Int J Med Sci 2014; 11(2):192-198. doi:10.7150/ijms.6295 This issue
1. Division of Nephrology, Department of Internal Medicine, Kaohsiung Veterans General Hospital, Kaohsiung, Taiwan
2. National Yang-Ming University, School of Medicine, Taipei, Taiwan
Background: Many diagnostic procedures are conducted in patients with syndrome of inappropriate antidiuresis (SIAD). However, the contribution in identification of the cause of SIAD remains unknown.
Methods: The study was conducted at Kaohsiung Veterans General Hospital in southern Taiwan. From January 2000 to December 2009, medical records of 439 adult patients hospitalized for new-onset SIAD at a single center were retrospectively collected. All diagnostic procedures during hospitalization were divided into four groups: chest/lung, central nervous system, abdomen, and bone marrow to evaluate their positive rate leading to the cause of SIAD. Factors associated with “procedures leading to the cause” were also analyzed to improve efficacy of survey.
Results: Cause of SIAD was identified in 267 (60.8%). Of them, 150 were pulmonary disorders, 44 were drugs, 37 were central nervous system disorders, 32 were malignancy and 4 were post-surgery. Survey for chest/lung, central nervous system, abdomen, and bone marrow were performed in 96.6%, 29.2%, 38.0% and 3.6% of patients, respectively; positive findings leading to the cause of SIAD were 39.6%, 12.5%, 5.3% and 6.3%, respectively. Among the diagnostic procedures, chest x-ray (424/439, 96.6%) was most frequently performed with the highest identification rate of 34.7% (147 cases). Major significant independent factors that associated with “procedure leading to a cause” were: absence of SIAD-associated drug history, presence of fever/chills, and presence of respiratory symptoms. Cause of SIAD became evident later during the follow-up period in 10 of 172 (5.8%) patients who were initially thought to be cause-unknown. Malignancy was the cause for 5 cases and pulmonary tuberculosis was for the other five. Eight of these causes became evident within one year after the diagnosis of SIAD.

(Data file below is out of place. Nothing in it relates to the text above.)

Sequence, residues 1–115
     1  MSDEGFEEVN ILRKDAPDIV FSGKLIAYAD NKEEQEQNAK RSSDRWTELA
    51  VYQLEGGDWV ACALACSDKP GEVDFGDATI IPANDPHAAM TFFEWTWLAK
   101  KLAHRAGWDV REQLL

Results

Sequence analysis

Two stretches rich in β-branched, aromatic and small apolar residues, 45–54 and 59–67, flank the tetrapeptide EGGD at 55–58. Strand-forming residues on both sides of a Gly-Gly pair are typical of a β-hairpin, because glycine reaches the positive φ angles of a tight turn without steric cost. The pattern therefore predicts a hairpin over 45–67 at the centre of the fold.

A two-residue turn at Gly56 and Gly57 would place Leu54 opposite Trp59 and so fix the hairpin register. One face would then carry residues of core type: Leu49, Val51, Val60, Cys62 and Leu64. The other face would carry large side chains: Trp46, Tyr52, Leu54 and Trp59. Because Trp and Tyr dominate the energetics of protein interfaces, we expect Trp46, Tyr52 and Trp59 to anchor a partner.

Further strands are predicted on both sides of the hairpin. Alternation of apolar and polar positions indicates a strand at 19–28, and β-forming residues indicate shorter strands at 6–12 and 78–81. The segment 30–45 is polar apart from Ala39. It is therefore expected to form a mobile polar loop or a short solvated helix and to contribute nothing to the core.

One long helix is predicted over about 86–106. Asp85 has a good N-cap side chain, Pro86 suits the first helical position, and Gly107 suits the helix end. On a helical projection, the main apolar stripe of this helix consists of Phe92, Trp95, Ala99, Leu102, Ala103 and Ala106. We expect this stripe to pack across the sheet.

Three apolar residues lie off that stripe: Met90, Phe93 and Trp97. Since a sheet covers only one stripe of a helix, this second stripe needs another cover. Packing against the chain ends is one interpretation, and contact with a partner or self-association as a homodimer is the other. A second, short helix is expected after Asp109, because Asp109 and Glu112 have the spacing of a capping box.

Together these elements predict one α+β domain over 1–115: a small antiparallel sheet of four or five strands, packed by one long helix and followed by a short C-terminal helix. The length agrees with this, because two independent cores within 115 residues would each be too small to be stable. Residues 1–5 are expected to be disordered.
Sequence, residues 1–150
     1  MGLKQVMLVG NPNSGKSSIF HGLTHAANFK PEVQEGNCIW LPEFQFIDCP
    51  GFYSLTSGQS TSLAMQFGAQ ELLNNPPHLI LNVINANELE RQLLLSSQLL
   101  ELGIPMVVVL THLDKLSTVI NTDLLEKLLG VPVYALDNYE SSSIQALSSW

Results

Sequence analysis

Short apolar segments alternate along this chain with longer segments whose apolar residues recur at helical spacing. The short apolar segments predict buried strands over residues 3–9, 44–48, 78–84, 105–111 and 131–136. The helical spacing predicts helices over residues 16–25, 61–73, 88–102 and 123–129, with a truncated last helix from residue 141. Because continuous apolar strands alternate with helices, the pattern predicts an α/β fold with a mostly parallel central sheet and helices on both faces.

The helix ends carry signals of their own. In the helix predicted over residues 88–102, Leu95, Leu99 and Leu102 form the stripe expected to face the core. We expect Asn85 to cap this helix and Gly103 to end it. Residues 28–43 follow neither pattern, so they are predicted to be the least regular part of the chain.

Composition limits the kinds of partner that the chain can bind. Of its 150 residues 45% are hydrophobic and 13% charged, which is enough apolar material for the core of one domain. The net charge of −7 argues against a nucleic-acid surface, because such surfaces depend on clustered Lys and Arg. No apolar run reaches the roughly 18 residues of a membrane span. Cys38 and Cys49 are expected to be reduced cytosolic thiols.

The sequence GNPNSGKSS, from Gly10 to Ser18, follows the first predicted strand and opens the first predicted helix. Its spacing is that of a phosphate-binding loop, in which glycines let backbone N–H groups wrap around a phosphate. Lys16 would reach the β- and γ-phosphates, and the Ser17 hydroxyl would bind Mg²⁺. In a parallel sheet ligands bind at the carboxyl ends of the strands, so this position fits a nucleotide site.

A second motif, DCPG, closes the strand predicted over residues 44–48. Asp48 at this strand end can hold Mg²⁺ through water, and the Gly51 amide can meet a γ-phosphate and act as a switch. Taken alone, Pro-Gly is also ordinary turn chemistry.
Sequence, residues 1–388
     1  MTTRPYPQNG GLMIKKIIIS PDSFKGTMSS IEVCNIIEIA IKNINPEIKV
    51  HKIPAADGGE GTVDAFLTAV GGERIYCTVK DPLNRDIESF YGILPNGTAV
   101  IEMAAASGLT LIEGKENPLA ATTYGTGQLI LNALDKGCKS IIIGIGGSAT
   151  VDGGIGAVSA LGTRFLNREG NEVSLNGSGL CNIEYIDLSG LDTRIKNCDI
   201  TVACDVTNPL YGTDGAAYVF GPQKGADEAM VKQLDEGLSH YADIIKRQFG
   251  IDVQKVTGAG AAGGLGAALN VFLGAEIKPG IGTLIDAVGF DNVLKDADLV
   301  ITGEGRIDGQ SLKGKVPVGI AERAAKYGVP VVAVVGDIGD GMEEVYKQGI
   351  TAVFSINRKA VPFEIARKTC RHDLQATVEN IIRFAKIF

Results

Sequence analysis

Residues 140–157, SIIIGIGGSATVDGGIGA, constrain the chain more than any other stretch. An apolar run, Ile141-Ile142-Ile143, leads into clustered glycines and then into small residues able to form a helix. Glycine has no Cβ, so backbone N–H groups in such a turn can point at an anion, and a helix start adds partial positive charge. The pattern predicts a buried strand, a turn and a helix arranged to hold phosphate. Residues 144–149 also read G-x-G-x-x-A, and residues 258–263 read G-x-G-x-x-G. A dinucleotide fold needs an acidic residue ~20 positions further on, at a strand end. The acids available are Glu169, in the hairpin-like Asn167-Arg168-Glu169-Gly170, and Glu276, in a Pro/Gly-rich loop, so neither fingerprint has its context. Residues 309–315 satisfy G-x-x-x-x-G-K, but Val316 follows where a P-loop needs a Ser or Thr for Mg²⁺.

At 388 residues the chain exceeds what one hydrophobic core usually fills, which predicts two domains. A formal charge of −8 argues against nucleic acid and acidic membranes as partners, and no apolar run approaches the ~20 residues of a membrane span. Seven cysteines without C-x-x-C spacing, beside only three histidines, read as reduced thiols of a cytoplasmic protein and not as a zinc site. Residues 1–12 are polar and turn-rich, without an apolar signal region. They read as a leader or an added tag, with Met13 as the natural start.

Conclusions: SIAD with unidentified causes were prevalent. Current diagnostic procedures remain not satisfying in determining the cause of SIAD, but chest radiograph did demonstrate higher diagnostic rate, especially in patients presented with fever, chills, respiratory symptoms, and without SIAD-associated drug history. Patients with unidentified cause should be followed for at least one year when most hidden causes (e.g. malignancy and tuberculosis) become obvious.
Keywords: Diagnostic procedures, Hyponatremia, Syndrome of inappropriate antidiuresis (SIAD), Syndrome of inappropriate antidiuretic hormone (SIADH)